Discover Benelux & France | Issue 15 | March 2015

Page 39

2_5_DiscoverBenelux_Issue15_March2015_Q9_Scan Magazine 1 20/02/2015 15:09 Page 39

Discover Benelux | Special Theme | The Market of Construction

Cie. focused on creating an attractive public space in between the three buildings of the Dadong Arts Center offering a place for people to gather.

Puljiz is one of the partners at the Dutch architecture firm Cie. He enthusiastically recounts some of their most successful and characteristic projects. “We have many very experienced architects and we can work very efficiently. Each will add their own touches to a project, guaranteeing individual creativity. These qualities combined lead to unique results,” he says. Cie. has a very wide ranging portfolio that covers all types of structures both in the Netherlands and abroad, particularly in Croatia and China. Thanks to the company’s expertise, they have also won various international competitions.

One with the landscape One of these was the Hotel Sungarden in Dubrovnik on the Mediterranean coast in Croatia. Located at a UNESCO world heritage site, there were many limitations to the construction: it could not be too high to keep the view of the coastline intact, but each of the rooms in the high-end hotel had to have a sea view.

bition hall and a library – Cie. took the design to the next level by creating a unique space in between the structures. “We always look for added value and finding hidden opportunities. Here we transformed the area around the buildings into a comfortable public space,” Puljiz comments. Before finishing the design, Puljiz and a team of Cie. architects went to the location in Kaoshiung. They didn’t just experience the high temperatures and humidity, but also found there was very little public space in the city. “The half-open arcade features a membrane roof with funnel-shaped openings. It creates shade in the often scorching sun and provides shelter during the monsoon rains. The round openings also work as climatic devises, circulating fresh air,” he describes. “It’s actually the most visited space in the region. A lot of people gather here, even without visiting the arts centre itself, which is a great feature.”

Brickwork symphonies Puljiz says: “The building is split into two parts with the entrance in the middle. There is a top part of three floors with a wonderful roof terrace and there is the lower part which leans towards the sea. The latter is almost invisible when you enter – this makes the hotel look much smaller than it is and will give guests a more individual experience.”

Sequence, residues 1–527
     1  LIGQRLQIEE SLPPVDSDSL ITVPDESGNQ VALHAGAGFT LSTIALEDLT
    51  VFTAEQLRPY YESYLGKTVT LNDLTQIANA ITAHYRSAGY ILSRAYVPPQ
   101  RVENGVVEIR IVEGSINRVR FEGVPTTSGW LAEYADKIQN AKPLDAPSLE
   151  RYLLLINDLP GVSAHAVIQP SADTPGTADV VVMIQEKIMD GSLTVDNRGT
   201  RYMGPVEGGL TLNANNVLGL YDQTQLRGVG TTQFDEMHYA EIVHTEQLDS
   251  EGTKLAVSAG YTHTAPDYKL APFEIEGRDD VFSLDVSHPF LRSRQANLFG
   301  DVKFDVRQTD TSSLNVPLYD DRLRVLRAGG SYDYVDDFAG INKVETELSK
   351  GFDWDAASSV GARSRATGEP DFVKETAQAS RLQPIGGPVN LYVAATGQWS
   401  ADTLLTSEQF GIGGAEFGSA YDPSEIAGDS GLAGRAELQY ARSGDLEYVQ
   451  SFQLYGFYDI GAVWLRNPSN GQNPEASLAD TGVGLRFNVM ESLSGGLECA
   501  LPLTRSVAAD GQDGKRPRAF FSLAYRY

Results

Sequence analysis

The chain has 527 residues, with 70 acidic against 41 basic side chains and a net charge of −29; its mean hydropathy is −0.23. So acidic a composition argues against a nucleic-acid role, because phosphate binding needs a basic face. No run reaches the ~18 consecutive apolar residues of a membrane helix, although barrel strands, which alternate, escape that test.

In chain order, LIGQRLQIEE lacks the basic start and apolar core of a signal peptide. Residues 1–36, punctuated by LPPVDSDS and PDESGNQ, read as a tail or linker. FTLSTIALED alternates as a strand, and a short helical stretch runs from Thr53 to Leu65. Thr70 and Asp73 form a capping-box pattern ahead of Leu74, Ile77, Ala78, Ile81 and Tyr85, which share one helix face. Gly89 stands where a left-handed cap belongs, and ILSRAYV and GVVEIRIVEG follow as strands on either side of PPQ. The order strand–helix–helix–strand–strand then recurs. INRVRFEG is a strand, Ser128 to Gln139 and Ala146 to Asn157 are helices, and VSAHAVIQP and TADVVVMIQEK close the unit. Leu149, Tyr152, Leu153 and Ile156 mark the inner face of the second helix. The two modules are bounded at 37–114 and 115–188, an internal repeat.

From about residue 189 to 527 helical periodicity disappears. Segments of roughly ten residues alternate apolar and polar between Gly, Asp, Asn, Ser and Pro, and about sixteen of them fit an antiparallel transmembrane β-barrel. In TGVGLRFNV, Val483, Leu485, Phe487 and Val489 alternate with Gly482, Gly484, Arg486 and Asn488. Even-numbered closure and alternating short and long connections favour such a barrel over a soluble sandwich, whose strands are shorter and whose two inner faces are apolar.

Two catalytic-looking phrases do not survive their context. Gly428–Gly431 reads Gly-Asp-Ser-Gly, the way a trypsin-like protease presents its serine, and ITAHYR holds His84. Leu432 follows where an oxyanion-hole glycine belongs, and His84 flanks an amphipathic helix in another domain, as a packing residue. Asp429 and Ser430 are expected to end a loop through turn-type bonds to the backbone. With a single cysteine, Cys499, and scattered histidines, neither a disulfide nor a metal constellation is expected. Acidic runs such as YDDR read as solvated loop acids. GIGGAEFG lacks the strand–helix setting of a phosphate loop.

Closer to home, in Amsterdam, Cie. designed two tower blocks collectively called the Amsterdam Symphony – one for office use and one for residential occupation. Located at the edge of the metropolitan business district the Zuidas, the two structures form an architectural bridge between the adjacent modern office blocks and nearby 19th century brickwork buildings in the characteristic Amsterdam School.

brickwork in a modern way. Apart from the bottom two floors which were hand-built, the structures are entirely constructed from pre-fabricated compartments but our design beautifully covers up the joints.”

Industrial heritage on display Showcasing the breadth of Cie’s portfolio – which covers interior design projects all the way to city masterplans – is the Café Open project in Amsterdam. The cafe was built on the foundations of a former swinging bridge, elevating it several metres above the water. “We wanted to retain the industrial character of the site and expose the old structure underneath. We kept the restaurant as simple as possible – it is basically just a glass box with windows as walls that can open on all sides,” he says. A special element of the design is the way these window panels open – they pivot up in a cascading motion. Puljiz adds: “It mimics the industrial movement of the bridge. In the summer they can be opened up completely, turning the restaurant into a beautiful terrace.”

An arcade for the public Another international project was the Dadong Arts Center in Taiwan. Comprising three different elements – a theatre, exhi-

Puljiz explains: “It is the only building in the Zuidas that is built with bricks. The façade has intricate details, interpreting the use of

Issue 15 | March 2015 | 39